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Keep track of SRL cases

The State Court Guide to Statistical Reporting, v 2.1 provides instructions for counting cases with SRLs for the CSP's annual data collection.

Preview the NCSC Case-Level SRL Reporting Model for Civil and Domestic Relations Cases. 

 

Support from Court Leaders

The Conference of State Court Administrators (COSCA) passed a resolution supporting the counting and reporting of cases with self-represented litigants and cases with interpreters.  The full resolution can be read here.

Reports From Courts

To participate, send us a link to your report or a PDF via email.

 First Look: SRL Data

 MO SRL Analysis


Cases With Self-Represented Litigants (SRL)

New Definitions and Counting Rules For Cases with SRLs

The purpose of establishing a consistent approach to reporting cases with self-represented litigants (SRLs) is to allow comparative data to be produced within and among jurisdictions, facilitating the understanding of the nature and extent of self-representation in the state courts.

Following extensive consultation with state court constituents, case management system vendors, and subject matter experts, the NCSC recommends that state courts adopt the following definitions, counting rules, and reporting guidelines for cases involving self-represented litigants:

Definitions

Self-Represented Litigant: A person (party) who advocates on his or her own behalf before a court, rather than being represented by an attorney. These litigants are also known as pro se or pro per litigants.

Cases with Self-Represented Litigants: Legal cases in which one or more parties is self-represented.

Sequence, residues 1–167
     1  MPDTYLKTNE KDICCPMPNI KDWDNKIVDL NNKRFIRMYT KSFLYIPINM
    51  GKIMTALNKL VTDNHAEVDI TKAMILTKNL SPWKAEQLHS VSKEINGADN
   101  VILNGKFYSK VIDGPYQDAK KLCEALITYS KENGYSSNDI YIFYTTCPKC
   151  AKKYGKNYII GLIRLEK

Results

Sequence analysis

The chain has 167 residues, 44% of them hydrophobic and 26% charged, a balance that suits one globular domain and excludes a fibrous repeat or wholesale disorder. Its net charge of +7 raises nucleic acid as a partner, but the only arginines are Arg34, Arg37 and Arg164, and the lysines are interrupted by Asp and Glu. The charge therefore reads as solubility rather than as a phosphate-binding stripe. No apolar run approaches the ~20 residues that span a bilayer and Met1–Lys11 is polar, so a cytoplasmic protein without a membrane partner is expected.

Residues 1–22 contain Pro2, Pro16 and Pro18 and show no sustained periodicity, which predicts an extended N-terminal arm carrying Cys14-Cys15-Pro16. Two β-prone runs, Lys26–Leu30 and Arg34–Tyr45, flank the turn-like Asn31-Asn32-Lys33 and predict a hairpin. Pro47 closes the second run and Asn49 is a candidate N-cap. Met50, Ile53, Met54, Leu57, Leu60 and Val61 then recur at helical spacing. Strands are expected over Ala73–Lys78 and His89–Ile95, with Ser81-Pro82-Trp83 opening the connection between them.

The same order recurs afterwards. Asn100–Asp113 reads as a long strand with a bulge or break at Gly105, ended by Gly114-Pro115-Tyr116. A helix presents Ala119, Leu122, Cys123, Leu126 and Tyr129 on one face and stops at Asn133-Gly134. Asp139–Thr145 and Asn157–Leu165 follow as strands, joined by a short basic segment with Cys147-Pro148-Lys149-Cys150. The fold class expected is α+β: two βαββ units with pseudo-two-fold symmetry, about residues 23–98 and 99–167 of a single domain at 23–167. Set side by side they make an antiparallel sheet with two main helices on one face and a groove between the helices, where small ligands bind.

Counting Rules

Unit of Count: The unit of count for cases with self-represented litigants is the legal case.  A case with self-represented litigants should be counted as a single case, whether the case has one, two, or more self-represented litigants.

Point of Count: A case should be counted at the point of disposition of the case (i.e., entry of judgment or reopened disposition).  State courts should count on a regular basis all disposed cases in which one or more parties was self-represented at any time during the life of the case.  For plaintiffs/petitioners, the life of the case runs from filing to disposition; for defendants/respondents, the life of the case runs from arraignment/answer to disposition.

Reporting Guidelines

Minimum National-Level Reporting Guideline (Snapshot at Disposition): On a regular basis, but at least annually, state courts should count, by case type, the number of cases with self-represented litigants disposed during the reporting period. The report is a count of all cases disposed in which the legal representation status of one or more parties, however designated in a case management system, was indicated as self-represented at the end of the reporting period.

Optimal National-Level Reporting Guideline (Look Back at Disposition): On a regular basis, but at least annually, state courts should count, by case type, the number of cases with self-represented litigants disposed during the reporting period. The report is a count of all cases disposed in which the legal representation status of one or more parties, however designated in a case management system, was indicated as self-represented at any time during the life of the case.

Event-Level Reporting Guideline: On a regular basis, but at least annually, state courts should count, by case type, the number of events, by event type, in which one or more parties is self-represented.  The report is a count of events, by case type and by event type, in which the legal representation status of one or more parties,however designated in a case management system, was indicated as self-represented.  Some systems may be able to supply additional detail for this report by distinguishing whether plaintiff/petitioner,defendant/respondent, or both are self-represented at the event.

This web page was developed under grant number SJI-12-P-084 from the State Justice Institute. The points of view expressed are those of the National Center for State Courts and do not necessarily represent the official position or policies of the State Justice Institute.